I’m a sucker for tourist traps and roadside attractions in general. I often plan elaborate trips to experience them first hand. (A great example would be my amazing 10-day road trip of 2017 that took us everywhere from Disneyland to Area 51 and the infamous Clown Motel –among other spots.) I will soon be moving to Washington state. In the time I have left in the Golden State, I made it a point to visit some of the area’s cheesier points of interest. Buckle up for a Central California road trip to see some things you never knew existed…(and will probably never bother to visit now that you know they do).
Our tour begins in Bakersfield, the southern end of the San Joaquin Valley (aka Central Valley). Bakersfield is a mini-treasure trove of roadside attractions, many of which I have not yet had the pleasure of experiencing, unfortunately. However, there is a big banner-like Bakersfield sign welcoming visitors to the town. What I didn’t realize about the sign (until driving by it again recently) is that just to the right of it is the Buck Owens Crystal Palace–another popular tourist attraction in the area (that was closed due to the pandemic…and that I have zero interest in visiting myself). This photo was taken from Buck Owens Boulevard.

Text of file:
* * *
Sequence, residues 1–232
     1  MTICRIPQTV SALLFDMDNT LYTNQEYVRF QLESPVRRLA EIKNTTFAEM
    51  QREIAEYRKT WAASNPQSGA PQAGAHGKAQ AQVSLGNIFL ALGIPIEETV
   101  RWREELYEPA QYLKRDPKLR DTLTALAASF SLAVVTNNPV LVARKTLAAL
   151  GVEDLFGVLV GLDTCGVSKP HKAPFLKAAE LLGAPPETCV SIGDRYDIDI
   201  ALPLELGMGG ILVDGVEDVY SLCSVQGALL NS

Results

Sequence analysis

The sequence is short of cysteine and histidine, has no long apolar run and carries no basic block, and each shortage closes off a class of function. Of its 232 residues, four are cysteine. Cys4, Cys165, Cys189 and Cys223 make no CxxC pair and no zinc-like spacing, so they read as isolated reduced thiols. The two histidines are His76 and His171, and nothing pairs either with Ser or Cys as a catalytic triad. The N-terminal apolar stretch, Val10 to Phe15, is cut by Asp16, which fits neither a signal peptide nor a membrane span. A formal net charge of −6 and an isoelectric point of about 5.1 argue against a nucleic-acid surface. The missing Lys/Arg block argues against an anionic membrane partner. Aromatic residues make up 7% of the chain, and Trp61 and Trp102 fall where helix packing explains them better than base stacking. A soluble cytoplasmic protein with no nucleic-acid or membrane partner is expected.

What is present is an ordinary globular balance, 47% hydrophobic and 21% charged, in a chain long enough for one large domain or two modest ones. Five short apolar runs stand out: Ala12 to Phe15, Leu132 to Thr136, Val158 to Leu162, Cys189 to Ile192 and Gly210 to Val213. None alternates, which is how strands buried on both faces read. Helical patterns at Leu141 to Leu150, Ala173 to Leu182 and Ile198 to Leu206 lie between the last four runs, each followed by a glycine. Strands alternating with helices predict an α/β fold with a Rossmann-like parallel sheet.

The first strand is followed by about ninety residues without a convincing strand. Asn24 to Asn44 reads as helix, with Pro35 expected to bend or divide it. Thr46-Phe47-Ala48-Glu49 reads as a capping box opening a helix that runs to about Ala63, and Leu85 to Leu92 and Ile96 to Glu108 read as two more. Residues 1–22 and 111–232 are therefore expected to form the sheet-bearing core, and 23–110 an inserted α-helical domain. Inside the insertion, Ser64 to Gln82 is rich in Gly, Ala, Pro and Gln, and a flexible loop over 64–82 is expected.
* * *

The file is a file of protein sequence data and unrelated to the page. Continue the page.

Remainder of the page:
The sign’s history dates back to 1949, when a similar arch was built over the old Highway 99 (now the Golden State Freeway after being replaced by a more modern, freeway-like highway). The original sign also acted as a footbridge to both halves of the Bakersfield Inn located on either side of the highway. By the late 90’s, the arch had fallen into disrepair and was demolished. However, a new version of the sign was created in 1999 (the 50th anniversary of the original sign) and relocated to Sillect Avenue, just feet from where the original stood on the Golden State Freeway (which is now Buck Owens Boulevard).
The Bakerfield Sign
3032-3000 Sillect Ave.
Bakersfield, CA 93308
BIG SHOE BUILDING:
Although I had discussed it (and the entry below) previously in this blog, the Big Shoe is worth another mention. On the corner of Chester Avenue and 10th Street in Bakersfield sits a 25-foot-tall, 32-foot-long shoe — literally. An old woman and her brood do not reside within it, but a shoe repair shop does.
I love the shoe. Built (cobbled?) in 1947 by Chester Deschwanden–who, of course, repaired shoes–the shoe isn’t very large inside, just 370 square feet according to one source. (With a 50-foot long shoe lace!) Seventy-four years after it opened, the big shoe is still a shoe repair shop. The customer area is small–just room to stand at a counter or sit in one of the few chairs against the wall. The inner shop area, well…let’s just say it could use a good cleaning. If it weren’t a shoe repair shop and I wasn’t moving to Washington, I’d love to make a little house out of it. It clearly has a lot of sole.
The Big Shoe Shoe Repair
931 Chester Ave.
Bakersfield, CA 93301
THE LAST WOOLWORTH’S LUNCH COUNTER: